In The Hague at the CITES Conference:
Julia Roberson [email protected]

In the United States:
Shannon Crownover [email protected]


Environmentalists dismiss reduction in quotas as symbolic because fishing season has ended; call on consumers to choose eco-friendly farmed caviars rather than beluga cavia

(October 7, 2004) Environmentalists and sturgeon scientists expressed alarm at CITES’ announcement today that the Caspian caviar trade could resume, a move they say pushes the imperiled beluga sturgeon closer to the brink of extinction and delivers a blow to international efforts to get the Caspian states to take sturgeon conservation seriously.

Even though CITES announced a reduction in Caspian caviar exports as compared to 2003, the move is largely symbolic because this year’s fishing season has concluded. In absence of a CITES’ directive on export quotas, the Caspian states based their 2004 catch allowance on last year’s numbers, which did not take illegal fishing into account.

“This is the second year in a row that CITES has delayed announcing quotas after nearly all the fish have been caught,” said Dr. Ellen Pikitch, professor and executive director of the University of Miami’s Pew Institute for Ocean Science. Pikitch, who is attending the CITES conference this week in Bangkok, went on to say, “The CITES process is not working, and beluga are moving closer and closer to extinction.”

Pikitch’s organization is part of Caviar Emptor, a sturgeon conservation coalition that also includes SeaWeb and the Natural Resources Defense Council.

Last month, CITES said the 2004 Caspian caviar trade would remain frozen until the states fulfilled the obligations of an international sturgeon conservation agreement, including taking illegal fishing into account when setting sustainable fishing levels. CITES’ decision to open trade came as a significant surprise because just two days ago its press release said, “the caviar trade is infested with organized crime networks,” indicating that the situation was far from under control.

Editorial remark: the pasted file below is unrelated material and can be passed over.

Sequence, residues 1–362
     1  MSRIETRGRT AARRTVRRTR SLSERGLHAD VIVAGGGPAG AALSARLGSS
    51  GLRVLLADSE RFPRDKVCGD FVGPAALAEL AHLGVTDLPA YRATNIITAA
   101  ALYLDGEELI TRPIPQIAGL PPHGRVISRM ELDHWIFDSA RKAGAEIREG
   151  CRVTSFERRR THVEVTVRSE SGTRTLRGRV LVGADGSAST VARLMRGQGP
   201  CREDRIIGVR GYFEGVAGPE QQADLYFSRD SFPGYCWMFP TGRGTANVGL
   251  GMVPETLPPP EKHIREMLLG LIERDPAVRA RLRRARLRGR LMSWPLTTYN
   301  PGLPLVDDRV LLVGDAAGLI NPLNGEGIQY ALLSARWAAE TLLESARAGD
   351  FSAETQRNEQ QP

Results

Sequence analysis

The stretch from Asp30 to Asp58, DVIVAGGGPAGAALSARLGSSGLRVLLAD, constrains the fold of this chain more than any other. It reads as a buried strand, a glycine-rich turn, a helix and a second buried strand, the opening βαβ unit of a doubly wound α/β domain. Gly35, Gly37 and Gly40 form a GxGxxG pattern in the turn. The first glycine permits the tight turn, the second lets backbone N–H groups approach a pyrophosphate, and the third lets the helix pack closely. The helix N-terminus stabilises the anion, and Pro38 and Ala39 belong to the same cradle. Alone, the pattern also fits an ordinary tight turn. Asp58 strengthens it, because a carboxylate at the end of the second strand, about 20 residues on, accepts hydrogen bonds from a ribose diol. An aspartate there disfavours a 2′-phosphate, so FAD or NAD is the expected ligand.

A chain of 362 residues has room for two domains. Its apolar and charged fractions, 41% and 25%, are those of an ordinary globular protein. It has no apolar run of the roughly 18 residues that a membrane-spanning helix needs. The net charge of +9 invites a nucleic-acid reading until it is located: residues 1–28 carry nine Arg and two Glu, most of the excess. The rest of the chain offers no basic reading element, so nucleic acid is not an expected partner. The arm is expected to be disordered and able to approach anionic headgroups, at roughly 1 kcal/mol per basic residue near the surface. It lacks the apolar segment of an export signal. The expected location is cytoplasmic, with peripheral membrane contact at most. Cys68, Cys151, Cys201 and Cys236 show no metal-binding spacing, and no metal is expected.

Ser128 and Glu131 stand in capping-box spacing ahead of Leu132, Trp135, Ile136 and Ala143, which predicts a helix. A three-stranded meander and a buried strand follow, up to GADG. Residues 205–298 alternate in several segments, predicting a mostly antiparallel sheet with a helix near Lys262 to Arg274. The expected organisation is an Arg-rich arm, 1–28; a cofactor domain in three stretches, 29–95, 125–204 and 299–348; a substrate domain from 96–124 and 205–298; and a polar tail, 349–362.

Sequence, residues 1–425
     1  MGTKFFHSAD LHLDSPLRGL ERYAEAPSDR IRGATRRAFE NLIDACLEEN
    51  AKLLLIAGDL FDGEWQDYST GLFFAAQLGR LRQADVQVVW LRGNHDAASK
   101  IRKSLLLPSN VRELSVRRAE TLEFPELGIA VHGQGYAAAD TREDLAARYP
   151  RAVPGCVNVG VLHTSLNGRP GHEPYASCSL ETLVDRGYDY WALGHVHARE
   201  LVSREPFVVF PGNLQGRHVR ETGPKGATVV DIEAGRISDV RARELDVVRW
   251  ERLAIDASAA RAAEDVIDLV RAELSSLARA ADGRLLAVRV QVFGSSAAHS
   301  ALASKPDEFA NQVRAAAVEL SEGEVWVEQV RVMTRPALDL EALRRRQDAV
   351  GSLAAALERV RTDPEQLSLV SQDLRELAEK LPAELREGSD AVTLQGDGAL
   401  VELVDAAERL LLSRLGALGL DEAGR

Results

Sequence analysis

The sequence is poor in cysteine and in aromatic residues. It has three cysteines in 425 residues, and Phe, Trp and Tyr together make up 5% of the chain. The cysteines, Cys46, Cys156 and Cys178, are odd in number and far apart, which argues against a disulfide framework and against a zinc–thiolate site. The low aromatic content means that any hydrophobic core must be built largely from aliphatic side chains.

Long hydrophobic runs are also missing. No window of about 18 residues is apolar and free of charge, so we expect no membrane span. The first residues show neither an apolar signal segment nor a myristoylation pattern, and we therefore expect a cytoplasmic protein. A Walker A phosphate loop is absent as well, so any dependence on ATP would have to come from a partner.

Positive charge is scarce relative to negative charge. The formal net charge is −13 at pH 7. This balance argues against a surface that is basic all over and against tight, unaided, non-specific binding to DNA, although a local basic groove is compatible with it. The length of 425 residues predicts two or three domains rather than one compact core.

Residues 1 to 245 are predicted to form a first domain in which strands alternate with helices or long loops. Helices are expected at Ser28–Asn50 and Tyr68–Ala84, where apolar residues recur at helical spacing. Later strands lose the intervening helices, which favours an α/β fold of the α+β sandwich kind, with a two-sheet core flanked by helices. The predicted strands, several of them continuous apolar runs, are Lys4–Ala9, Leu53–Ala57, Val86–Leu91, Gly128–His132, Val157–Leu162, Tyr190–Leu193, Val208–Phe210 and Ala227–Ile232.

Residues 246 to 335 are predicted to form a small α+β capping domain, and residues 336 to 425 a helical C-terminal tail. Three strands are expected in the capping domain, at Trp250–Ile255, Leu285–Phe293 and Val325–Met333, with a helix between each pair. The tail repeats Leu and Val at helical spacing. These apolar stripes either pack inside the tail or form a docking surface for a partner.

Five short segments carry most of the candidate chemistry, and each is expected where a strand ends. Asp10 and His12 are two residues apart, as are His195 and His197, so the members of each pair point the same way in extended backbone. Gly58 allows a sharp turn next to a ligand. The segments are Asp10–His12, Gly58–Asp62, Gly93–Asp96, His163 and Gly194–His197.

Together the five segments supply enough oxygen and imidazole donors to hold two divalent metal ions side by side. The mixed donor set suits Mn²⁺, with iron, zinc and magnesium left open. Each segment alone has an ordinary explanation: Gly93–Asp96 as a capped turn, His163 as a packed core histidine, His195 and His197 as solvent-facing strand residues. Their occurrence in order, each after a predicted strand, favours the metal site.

“CITES has flip-flopped under the pressure of heavy lobbying by Caspian states and the caviar industry,” said Vikki Spruill, president of SeaWeb. “CITES is on the wrong side of the effort to save the beluga sturgeon and is clearly putting trade first and endangered wildlife last.”

The recent action by CITES stands in direct contrast to statements by its own officials and recent news reports:

  • James Armstrong, deputy secretary general of CITES, told Science magazine last month that estimating levels of illegal fishing had been “difficult for [the Caspian states]…almost impossible.”  To the Washington Times three weeks ago, Armstrong said if the level of illegal fishing was greater than the legal catch, "there is no way they are going to have a legal catch."
  • In its December 2001 newsletter dedicated to sturgeon, the CITES Secretariat said, “It is estimated that for every ton of fish caught legally, at least five tons are harvested illegally. Some estimates even place the illegal offtake as high as 12 times the legal catch.” 
  • This summer, an envoy of the Russian president, Vladimir Yakovlev, told ITAR-TASS news agency that up to 90 percent of all black caviar on the market comes from poaching. He went on to say, “Poachers are being protected by those who are supposed to fight against them.”

Despite continued testimony that poaching takes more sturgeon than legal fishing and that regional enforcement measures are lax, CITES opted not for the ban it had threatened but instead changed its public position by announcing that 2004 quotas would be granted at a reduced level.

“By not sticking to their guns and not requiring real reform, CITES is abetting the continued decline of Caspian sturgeon,” said Lisa Speer, senior policy analyst with the Natural Resources Defense Council. “We are extremely disappointed.”

In addition to overfishing and poaching of Caspian sturgeon, habitat loss and pollution have contributed to the decline of the species.

For nearly four years, Caviar Emptor has called for a long-term ban on the international trade of beluga caviar as a way to protect the beluga sturgeon from extinction. In April 2004, the U.S. Fish & Wildlife Service, acting on a petition by Caviar Emptor, declared beluga sturgeon as “threatened with extinction,” thus subjecting it to protections under the U.S. Endangered Species Act. Caviar Emptor has pointed consumers to caviars made in the United States from farmed sturgeon, paddlefish and trout as well as wild salmon and whitefish roes as better choices for the environment.


For interviews with spokespeople, photographs, or video footage, please contact Shannon Crownover, [email protected]. For more information, see


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